Familiar with that jiggy, horse-riding dance by South Korean electro-pop star Psy? There must be few internet-connected places in the world left where his smash-hit single ‘Gangnam Style’ has not penetrated. If imitation is the sincerest form of flattery, Psy should feel complimented. Madonna‘s ‘gone Gangnam’, Eton school boys posted a YouTube parody of the song (adapted to reflect the college’s idiolect), boiler-suited Filipino prisoners have danced the dance, and there’s lots more out there. Even Ai Weiwei, the not-exactly-incarcerated-but-pretty-much-under-house-arrest Chinese artist, posted his own ‘Gangnam Style’ video on the internet. It featured him in handcuffs and was promptly banned by the Chinese authorities.
So, in the heady rush of all things Gangnam, it’s pleasing to see the great and the good of the international art world doing their Gangnam bit in aid of Ai.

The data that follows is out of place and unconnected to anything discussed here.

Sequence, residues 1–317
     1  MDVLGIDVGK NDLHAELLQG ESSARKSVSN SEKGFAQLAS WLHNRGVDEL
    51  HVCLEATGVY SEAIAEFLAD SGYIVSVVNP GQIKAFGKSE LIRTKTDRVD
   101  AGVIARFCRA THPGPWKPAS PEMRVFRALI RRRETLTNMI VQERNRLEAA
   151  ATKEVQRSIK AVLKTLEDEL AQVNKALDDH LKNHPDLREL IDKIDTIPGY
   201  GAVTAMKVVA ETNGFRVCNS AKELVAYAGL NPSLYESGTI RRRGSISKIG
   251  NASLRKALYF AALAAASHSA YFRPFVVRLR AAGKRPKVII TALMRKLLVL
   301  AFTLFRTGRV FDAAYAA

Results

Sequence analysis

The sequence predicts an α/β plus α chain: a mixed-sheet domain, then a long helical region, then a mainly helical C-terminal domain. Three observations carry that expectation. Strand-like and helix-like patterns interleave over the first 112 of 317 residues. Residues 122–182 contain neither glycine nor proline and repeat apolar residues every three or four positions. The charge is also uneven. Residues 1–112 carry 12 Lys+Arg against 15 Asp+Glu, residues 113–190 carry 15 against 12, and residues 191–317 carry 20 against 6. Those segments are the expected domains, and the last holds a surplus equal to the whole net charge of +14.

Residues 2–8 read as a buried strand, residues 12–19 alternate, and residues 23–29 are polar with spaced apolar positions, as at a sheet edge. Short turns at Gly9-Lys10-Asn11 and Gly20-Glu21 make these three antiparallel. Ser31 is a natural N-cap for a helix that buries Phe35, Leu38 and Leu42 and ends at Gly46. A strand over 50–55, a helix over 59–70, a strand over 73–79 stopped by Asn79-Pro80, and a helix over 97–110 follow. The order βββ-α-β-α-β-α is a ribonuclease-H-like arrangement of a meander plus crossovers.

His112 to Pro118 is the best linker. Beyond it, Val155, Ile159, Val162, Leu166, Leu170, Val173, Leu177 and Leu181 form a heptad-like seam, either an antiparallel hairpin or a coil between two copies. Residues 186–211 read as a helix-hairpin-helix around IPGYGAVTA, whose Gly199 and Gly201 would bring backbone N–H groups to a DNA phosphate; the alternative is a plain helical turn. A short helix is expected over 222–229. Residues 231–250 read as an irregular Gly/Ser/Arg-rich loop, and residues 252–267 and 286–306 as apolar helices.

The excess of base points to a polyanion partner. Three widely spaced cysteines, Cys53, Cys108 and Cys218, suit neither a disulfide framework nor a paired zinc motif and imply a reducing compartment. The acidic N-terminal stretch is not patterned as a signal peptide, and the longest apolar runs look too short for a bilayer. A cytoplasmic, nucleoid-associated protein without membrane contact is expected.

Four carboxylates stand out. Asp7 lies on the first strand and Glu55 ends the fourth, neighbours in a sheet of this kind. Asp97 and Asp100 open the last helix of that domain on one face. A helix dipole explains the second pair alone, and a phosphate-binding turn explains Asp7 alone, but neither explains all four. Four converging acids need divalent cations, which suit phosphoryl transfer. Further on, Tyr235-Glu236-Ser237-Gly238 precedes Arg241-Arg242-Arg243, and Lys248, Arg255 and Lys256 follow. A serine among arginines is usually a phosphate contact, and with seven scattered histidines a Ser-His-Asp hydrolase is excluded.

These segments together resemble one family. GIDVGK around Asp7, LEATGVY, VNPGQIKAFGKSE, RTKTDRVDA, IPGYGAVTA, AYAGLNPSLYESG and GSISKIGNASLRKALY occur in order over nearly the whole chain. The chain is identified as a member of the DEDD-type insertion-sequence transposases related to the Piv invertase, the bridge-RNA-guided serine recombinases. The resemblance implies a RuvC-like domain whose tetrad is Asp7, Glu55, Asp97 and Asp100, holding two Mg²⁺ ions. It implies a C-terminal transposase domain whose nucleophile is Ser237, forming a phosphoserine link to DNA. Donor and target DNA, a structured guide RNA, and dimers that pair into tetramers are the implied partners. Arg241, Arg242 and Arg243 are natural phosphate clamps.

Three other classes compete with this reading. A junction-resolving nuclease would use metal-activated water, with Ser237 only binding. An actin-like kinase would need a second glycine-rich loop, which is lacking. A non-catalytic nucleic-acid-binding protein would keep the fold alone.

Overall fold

Commissioned by Amnesty International and choreographed by British dance wonder Akram Khan, 250 art-worlders, led by Sir Anish Kapoor, Gangnam their way through Psy’s song and writhe around in handcuffs. On the wall behind them, the names of dissidents, Pussy Riot among them, are written.
Kapoor is quoted as saying: ‘Our film aims to make a serious point about freedom of speech and freedom of expression. It is our hope that this gesture of support for Ai Weiwei and all prisoners of conscience will be wide-ranging and will help to emphasise how important these freedoms are to us all.’
And it’s interesting to see how a Korean pop song with banal lyrics about sexy ladies and knowing men, that invokes the name of a high-class Seoul district, has pressed people into action. It probably won’t convert any Chinese officials, but like the vast ‘RELEASE AI WEIWEI’ sign that was placed on top of Tate Modern in 2011, it will certainly be seen by an awful lot of people.
Ai Weiwei in his own Gangnam Style video.